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Queering Colonial Natal

Indigeneity and the Violence of Belonging in Southern Africa

2019
Author:

T. J. Tallie

Queering Colonial Natal

How were indigenous social practices deemed queer and aberrant by colonial forces?

In Queering Colonial Natal, T.J. Tallie travels to colonial Natal—established by the British in 1843, today South Africa’s KwaZulu-Natal province—to show how settler regimes “queered” indigenous practices. Tallie argues that the violent collisions between Africans, Indians, and Europeans in Natal shaped the conceptions of race and gender that bolstered each group’s claim to authority.

Brilliant, generous, and generative, Queering Colonial Natal seamlessly demonstrates why scholars of nineteenth-century South African history should read contemporary North American queer and indigenous history and vice versa. T.J. Tallie shows how and why South Africa should be in discussions of settler colonialism as well as how and why a global queer studies needs to pay attention to the history of a place like Natal.

Neville Hoad, author of African Intimacies: Race, Homosexuality, and Globalization

In Queering Colonial Natal, T.J. Tallie travels to colonial Natal—established by the British in 1843, today South Africa’s KwaZulu-Natal province—to show how settler regimes “queered” indigenous practices. Defining them as threats to the normative order they sought to impose, they did so by delimiting Zulu polygamy; restricting alcohol access, clothing, and even friendship; and assigning only Europeans to government schools.

Using queer and critical indigenous theory, this book critically assesses Natal (where settlers were to remain a minority) in the context of the global settler colonial project in the nineteenth century to yield a new and engaging synthesis. Tallie explores the settler colonial history of Natal’s white settlers and how they sought to establish laws and rules for both whites and Africans based on European mores of sexuality and gender. At the same time, colonial archives reveal that many African and Indian people challenged such civilizational claims.

Ultimately Tallie argues that the violent collisions between Africans, Indians, and Europeans in Natal shaped the conceptions of race and gender that bolstered each group’s claim to authority.
Queering Colonial Natal

T.J. Tallie is assistant professor of history at the University of San Diego.

Queering Colonial Natal

Brilliant, generous, and generative, Queering Colonial Natal seamlessly demonstrates why scholars of nineteenth-century South African history should read contemporary North American queer and indigenous history and vice versa. T.J. Tallie shows how and why South Africa should be in discussions of settler colonialism as well as how and why a global queer studies needs to pay attention to the history of a place like Natal.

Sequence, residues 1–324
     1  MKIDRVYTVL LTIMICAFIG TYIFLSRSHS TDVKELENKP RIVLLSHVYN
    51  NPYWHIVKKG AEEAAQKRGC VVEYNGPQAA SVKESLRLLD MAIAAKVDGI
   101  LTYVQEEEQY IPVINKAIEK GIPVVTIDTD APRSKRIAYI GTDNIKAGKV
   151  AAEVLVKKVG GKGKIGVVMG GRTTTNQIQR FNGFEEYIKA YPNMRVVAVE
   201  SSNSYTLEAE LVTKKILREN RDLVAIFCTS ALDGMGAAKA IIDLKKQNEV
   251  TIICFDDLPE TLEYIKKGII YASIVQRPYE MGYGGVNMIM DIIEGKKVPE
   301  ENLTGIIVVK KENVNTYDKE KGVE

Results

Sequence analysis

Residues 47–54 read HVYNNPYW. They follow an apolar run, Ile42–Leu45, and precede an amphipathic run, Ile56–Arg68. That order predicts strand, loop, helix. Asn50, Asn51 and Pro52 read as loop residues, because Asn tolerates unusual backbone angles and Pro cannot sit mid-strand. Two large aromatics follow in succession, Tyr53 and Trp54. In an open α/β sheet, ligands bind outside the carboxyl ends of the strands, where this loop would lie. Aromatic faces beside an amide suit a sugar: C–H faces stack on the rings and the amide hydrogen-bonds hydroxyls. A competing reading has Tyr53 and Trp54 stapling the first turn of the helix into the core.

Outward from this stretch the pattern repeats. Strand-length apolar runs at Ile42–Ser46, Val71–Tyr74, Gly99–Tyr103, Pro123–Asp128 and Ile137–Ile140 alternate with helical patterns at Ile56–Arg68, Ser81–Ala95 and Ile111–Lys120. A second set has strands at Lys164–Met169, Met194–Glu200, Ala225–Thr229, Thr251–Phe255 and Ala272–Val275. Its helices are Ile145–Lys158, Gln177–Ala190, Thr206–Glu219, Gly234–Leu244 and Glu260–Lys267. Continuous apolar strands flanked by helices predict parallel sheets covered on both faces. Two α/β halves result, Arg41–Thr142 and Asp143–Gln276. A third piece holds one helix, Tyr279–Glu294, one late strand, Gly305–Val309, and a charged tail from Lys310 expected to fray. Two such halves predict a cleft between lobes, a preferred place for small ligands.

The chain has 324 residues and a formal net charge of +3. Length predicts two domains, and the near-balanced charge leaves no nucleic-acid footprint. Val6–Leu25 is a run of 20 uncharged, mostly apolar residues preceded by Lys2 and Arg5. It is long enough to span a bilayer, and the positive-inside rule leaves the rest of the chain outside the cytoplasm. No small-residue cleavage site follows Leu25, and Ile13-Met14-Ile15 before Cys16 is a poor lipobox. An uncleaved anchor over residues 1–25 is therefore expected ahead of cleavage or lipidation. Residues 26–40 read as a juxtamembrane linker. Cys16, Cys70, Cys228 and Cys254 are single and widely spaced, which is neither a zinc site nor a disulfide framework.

Neville Hoad, author of African Intimacies: Race, Homosexuality, and Globalization

Sophisticated and brilliant. Queering Colonial Natal offers much needed interventions to ongoing conversations in settler colonial studies, queer studies, and Indigenous studies by expanding the geographies, political contexts, and theoretical stakes for historical analyses of white settlement and Indigenous resistances. In foregrounding case studies that expose the normative constraints white settlers imposed on Zulu as the exclusionary standards for civilized belonging, T.J. Tallie advances how critical Indigenous theory understands the colonial cacophonies of race, gender, and sexuality.

Jodi A. Byrd, author of The Transit of Empire: Indigenous Critiques of Colonialism

Queering Colonial Natal

Contents

Introduction. Ukuphazama iNatali: Queerness, Indigeneity, and the Politics of an African Settler Colony

1. “That Shameful Trade in a Person”: Ilobolo and Polygamy

2. Sobriety and Settlement: The Politics of Alcohol

3. The Impossible Handshake: Sociability and the Fault Lines of Friendship

4. The Mission Field: Spiritual Transformation and Civilized Clothing

5. “To Become Useful and Patriotic Citizens”: Education and Belonging

Conclusion: Refracting Futures in Natal and Beyond

Acknowledgments

Notes

Index